Beautifully illustrated with photographs of mollusc shells held by the Natural History Museum in London, this appealing book educates and inspires simply by showing and telling us about the animals that created these stunning works of art
Who ever though that a person could learn so much about natural history and evolution, about human culture and human nature by learning about mollusc shells?
Molluscs are a huge and diverse group of squishy creatures that range from tiny snails that are less than 2 millimeters (0.008 inch) in size to the giant squid that can reach more than 13 meters (43 feet) in length. They are spineless beings that evolved an elegant solution to a big problem: how to protect their soft bodies? To do this, they evolved a thin layer of tissue that covers their bodies and secrete a distinctive shell — their exoskeleton — made of calcium carbonate and a tough protein, conchiolin.
People throughout the ages have been fascinated by seashells’ endless diversity and elegant shapes, and by their bright colors. In the past, shells were commonly used as currency, ornaments, tools and as spiritual objects. Even today, shells are still widely used to make buttons, inlays, a variety of jewelery and other decorative items as well as construction materials, for purifying water, as a fertilizer and for meeting the nutritional needs of domesticated poultry.
You are invited to learn more about shells in this fabulous new book, Fascinating Shells: An Introduction to 121 of the World’s Most Wonderful Mollusks, by Andreia Salvador (University of Chicago Press; 2022: Amazon US / Amazon UK). Ms Salvador is a senior curator of marine mollusca at the Natural History Museum of London, which houses the world’s largest and most comprehensive collection of mollusc shells, currently numbering over 8 million specimens.
Most of the photographs are by Kevin Webb, who works in the Photography Unit at the museum. The book’s format is designed to highlight the shells themselves: when you open the book, you will find that every pair of open pages includes a stunning portrait of a shell on one page, and an interesting and educational vignette briefly detailing that shell’s biological, historical and geographic information on the page next to it. We also learn about the conservation status of various mollusc species (some extinct species are included), their vulnerability to ocean acidification and to climate change.
In this book, we feast our eyes upon beautifully structured and colored shells as we learn about these animals’ natural history. We learn about polymorphisms from seeing some of the many different colors and patterns seen in the freshwater snail known as the zigzag nerite, Vittina waigiensis, a species that is popular in the aquarium trade. If you love the color purple, the pelagic violet sea snail, Janthina janthina, is a particularly lovely example of countershading where one side of the animal is dark whilst the other side is light. This purple snail’s countershading is a camouflage that prevents its predators from seeing it from above or below as it floats at the ocean’s surface suspended by a life raft it builds from bubbles.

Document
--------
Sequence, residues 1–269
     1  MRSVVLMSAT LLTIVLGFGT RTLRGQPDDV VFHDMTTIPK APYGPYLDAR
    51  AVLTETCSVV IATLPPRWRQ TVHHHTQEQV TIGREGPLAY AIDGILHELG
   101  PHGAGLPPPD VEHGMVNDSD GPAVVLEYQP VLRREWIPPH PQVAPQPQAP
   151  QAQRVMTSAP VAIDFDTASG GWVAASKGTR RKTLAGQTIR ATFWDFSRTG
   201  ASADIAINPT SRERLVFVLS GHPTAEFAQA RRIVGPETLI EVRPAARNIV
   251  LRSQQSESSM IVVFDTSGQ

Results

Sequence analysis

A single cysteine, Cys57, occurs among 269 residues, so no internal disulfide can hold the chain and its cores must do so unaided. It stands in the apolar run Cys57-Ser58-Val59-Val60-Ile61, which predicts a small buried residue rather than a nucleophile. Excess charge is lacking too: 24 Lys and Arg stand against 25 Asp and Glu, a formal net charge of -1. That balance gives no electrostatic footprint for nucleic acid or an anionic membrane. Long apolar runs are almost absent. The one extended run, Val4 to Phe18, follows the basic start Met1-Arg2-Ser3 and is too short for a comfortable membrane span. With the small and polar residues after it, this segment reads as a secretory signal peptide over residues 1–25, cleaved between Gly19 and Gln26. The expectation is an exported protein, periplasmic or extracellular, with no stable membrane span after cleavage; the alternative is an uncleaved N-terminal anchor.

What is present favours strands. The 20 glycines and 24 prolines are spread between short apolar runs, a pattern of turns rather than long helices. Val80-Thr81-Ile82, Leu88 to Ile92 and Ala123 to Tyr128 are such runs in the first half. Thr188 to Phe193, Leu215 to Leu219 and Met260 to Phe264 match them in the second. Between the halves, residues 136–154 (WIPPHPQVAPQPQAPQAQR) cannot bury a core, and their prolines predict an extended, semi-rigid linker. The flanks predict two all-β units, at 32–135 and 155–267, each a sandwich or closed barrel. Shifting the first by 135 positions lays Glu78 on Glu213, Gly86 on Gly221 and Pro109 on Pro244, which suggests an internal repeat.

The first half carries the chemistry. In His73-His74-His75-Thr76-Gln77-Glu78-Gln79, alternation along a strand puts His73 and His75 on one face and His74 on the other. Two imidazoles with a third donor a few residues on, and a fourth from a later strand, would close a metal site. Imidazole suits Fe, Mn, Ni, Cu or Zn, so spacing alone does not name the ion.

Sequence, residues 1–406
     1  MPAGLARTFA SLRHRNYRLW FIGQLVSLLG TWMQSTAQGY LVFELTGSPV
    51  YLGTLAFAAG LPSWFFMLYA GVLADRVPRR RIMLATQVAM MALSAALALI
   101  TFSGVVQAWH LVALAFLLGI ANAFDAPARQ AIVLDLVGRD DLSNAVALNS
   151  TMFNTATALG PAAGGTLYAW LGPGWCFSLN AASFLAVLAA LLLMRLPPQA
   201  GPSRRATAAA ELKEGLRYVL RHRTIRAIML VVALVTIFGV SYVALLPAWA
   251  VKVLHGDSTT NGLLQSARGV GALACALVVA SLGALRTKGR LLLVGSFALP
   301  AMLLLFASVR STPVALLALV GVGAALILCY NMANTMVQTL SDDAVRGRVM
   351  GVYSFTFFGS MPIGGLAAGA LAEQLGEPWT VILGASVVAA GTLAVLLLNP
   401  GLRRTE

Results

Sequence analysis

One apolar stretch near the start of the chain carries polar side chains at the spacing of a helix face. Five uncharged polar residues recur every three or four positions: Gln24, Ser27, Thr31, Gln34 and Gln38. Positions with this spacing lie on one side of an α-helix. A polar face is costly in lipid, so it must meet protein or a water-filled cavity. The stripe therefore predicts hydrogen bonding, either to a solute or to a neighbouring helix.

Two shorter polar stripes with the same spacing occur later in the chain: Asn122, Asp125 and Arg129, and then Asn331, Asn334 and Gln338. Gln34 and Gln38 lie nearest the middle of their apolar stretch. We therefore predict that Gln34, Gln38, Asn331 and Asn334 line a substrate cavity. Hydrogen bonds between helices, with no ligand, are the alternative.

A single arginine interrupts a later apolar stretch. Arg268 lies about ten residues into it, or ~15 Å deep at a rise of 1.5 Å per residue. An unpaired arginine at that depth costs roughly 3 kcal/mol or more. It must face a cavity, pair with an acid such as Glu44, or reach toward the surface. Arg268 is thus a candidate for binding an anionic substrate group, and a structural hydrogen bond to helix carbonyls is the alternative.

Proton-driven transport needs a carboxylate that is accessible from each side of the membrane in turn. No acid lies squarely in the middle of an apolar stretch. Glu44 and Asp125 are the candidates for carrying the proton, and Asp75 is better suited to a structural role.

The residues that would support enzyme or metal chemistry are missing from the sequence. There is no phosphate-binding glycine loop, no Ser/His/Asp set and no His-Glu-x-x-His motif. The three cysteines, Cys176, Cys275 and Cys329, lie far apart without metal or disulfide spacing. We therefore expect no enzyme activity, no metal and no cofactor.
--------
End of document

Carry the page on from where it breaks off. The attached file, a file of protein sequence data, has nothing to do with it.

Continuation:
But not all snails have colored shells. The miraculous diplomat snail, Plectostoma mirable, is a land snail from the tropical island of Borneo whose elegant spiky shell is translucent and mostly colorless.
One of my favorite shells, the precious wentletrap, Epitonium scalare, was also everyone else’s favorite: it was highly sought after and very expensive throughout the 17th & 18th centuries because the elegant open whorls of its shell are held together by coiling varices, resembling a spiral staircase. (“Wentletrap” is from the Dutch, and it translates as “spiral staircase”.)
It may surprise you to learn that not all snails live in or near water. For example, the amazingly resilient desert snail, Eremina desertorum, can survive extreme heat or severe dryness for years in a state of suspended animation known as aestivation. This fact was driven home when a specimen collected in Egypt and held by the British Museum, was glued to a wooden tablet for a display in March 1846. Thought to be dead, this snail surprised everyone when it was found to be alive in March 1850. It was revived and went on to live an additional two years before finding its way back into the museum’s collections.
Out of the hundreds of thousands of seashells available in the museum’s collections, how did Ms Salvador choose the 121 shells that she included in this book?
“I selected shells that I associate with my family, my country, my friends, or my colleagues”, Ms Salvador said in a recent interview.
Of all the amazing shells in this book, which is Ms Salvador’s favorite?
“[M]y favorite shell is the carrier shell, genus Xenophora”, Ms Salvador said. “This marine snail collects and attaches objects to the edge of its shell, resulting in a mini collection that they carry with them all the time.”
Apparently, because making defensive stabby spines on a shell is so physiologically expensive, carrier snails (the genus name, Xenophoridae, is Latin for “foreign carrying”) have evolved an ingenious way to deal with that by looting seashells, corals, sponges, stones and other debris that it comes across on the seafloor and cementing them to the outside of its own shell at regular intervals. These pilfered materials serve to camouflage the snail under a portable pile of debris and to keep it from sinking into the fine sediment on the ocean floor, without the energetic cost of producing its own spines.
This book is a joy to hold and to behold. Crammed with hundreds of high-quality photographs and accompanied by a retelling of some of the strange behind-the-scenes stories that accompany these seashells, this book will captivate and delight readers young and old.
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